About Dermatitis

What is Dermatitis?

Dermatitis is a very a general term that describes an “inflammation of the skin.”¬† Like many other skin conditions, dermatitis can have different causes and can occur in many forms. It usually involves an itchy rash on swollen, reddened, sometimes thickened skin.


Contact Dermatitis

Dermatitis is a common condition that is not contagious, but it can make you feel very uncomfortable and self-conscious about your appearance. A combination of self-care steps and medications can help you treat dermatitis.

Appearance and Symptoms

Skin affected by dermatitis may blister, ooze, develop a crust or flake off. Examples of dermatitis include atopic dermatitis (eczema), dandruff and rashes caused by contact with any of a number of substances, such as poison ivy, soaps and jewelry with nickel in it.  Conditions such as psoriasis, skin cancer, and seborrhea can also look similar to dermatitis, but they are different, as you will come to learn.

Like other rashes, a dermatitis rash is itchy and red, and it may or may not have distinct margins or borders. The specific look of the rash depends on the amount of time that it has been present. Acute dermatitis is comprised of blisters, while Subacute dermatitis has scaling and crusting, and chronic dermatitis has “Lichenification,”¬†meaning thickened skin.

Types of Dermatitis

There are several distinct types of dermatitis:

  • Allergic contact dermatitis: This is a delayed hypersensitivity reaction involving allergens and antibodies.
  • Irritant contact dermatitis: This is exposure to irritating chemicals or detergents.
  • Atopic dermatitis: an allergic-type reaction that is accompanied by hay fever, asthma, and very dry skin.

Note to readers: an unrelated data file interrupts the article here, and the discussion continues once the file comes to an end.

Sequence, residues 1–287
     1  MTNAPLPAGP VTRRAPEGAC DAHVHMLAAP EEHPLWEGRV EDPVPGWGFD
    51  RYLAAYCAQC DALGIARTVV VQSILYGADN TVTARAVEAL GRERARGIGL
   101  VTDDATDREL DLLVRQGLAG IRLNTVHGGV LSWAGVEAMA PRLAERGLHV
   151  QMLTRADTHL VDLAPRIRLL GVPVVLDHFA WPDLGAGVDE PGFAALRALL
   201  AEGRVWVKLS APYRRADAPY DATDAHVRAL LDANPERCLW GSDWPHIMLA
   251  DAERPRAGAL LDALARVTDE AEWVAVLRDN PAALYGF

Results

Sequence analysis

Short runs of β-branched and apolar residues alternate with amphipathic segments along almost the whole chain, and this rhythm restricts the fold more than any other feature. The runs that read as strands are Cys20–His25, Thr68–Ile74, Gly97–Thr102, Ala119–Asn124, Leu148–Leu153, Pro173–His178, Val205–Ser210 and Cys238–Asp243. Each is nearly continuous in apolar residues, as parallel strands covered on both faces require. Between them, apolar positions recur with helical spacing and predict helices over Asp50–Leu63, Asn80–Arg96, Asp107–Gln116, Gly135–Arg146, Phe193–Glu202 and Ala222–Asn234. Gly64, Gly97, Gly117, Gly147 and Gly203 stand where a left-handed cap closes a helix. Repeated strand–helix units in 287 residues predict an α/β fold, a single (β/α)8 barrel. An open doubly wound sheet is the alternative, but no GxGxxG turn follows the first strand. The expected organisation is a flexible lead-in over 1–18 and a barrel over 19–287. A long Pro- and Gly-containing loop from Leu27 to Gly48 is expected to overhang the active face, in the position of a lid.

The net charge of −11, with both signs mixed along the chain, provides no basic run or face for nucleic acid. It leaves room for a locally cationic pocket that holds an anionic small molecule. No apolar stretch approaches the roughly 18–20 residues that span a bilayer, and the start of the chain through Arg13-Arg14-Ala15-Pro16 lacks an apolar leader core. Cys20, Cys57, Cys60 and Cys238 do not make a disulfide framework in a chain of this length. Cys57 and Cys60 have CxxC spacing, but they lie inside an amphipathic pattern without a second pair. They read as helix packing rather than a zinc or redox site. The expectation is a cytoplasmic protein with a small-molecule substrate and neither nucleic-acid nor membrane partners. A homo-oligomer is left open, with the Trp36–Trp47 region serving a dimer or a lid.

Other types of dermatitis include:

  • Seborrheic Dermatitis (cradle cap): Yellow, greasy scales like dandruff on the scalp and hair-bearing areas of the head, neck, and upper chest;
  • Dyshidrotic Dermatitis (pompholyx): A type of dermatitis on the hands or feet that is characterized by redness, scaling, and deep blisters;
  • Stasis Dermatitis: Occurs on the ankles and lower legs of people with venous insufficiency;
  • Nummular Dermatitis: Coin-shaped patches that occur anywhere on the body in relation to dry skin;
  • Diaper Dermatitis: A type of irritant dermatitis that’s caused by extended exposure of the skin to wet diapers;
  • Autosensitization Dermatitis: An itchy rash that occurs in response to an intense inflammatory process somewhere else on the body, especially a fungal infection.
  • Lichen Simplex Chronicus: A rash that’s caused by long-term scratching of an area, producing thickened skin.


Generally, dermatitis is diagnosed clinically, meaning based on the history and appearance of the rash. However, it can be difficult to tell the difference between the dermatitis types, which is why it is important to seek out a medical professional for assistance.

There are tests that can be run, which will help with the diagnosis. Distinguishing the difference in the types of dermatitis is key. Contact dermatitis is different than Atopic dermatitis. Your doctor may also choose to run a KOH test, which helps to identify a fungal infection.


Dermatitis is best treated if the type is known, however, there are measures that can be taken to improve symptoms even if the exact dermatitis type is not known:

  • First and foremost, keep skin as moisturized as possible. Dry skin causes cracks in the outer layer, which can cause problems.
  • Secondly, try not to scratch!  Logically you know this, but it can be tough advice to follow.  Reduce itching and scratching with topical medications or antihistamines.
  • Another important step is to avoid irritating and drying substances such as perfumes or harsh detergents. These things can really exacerbate matters.
  • If you have more than one breakout on multiple parts of your body, they could be related, so be sure to tell your doctor or health care professional to check everything out.

Topical Steroids and Dermatitis

Topical steroids are often used to treat dermatitis.  They come in different strengths and can have significant side effects. All topical steroids (except for hydrocortisone cream) must be prescribed by a health care provider.  Be sure to ask for assistance with all medications.

Make Sure to See Your Doctor

  • If you’re so uncomfortable that you are losing sleep or are distracted from your daily routines.
  • If your skin becomes painful.
  • If you suspect your skin is infected.
  • If you’ve tried self-care steps without success.

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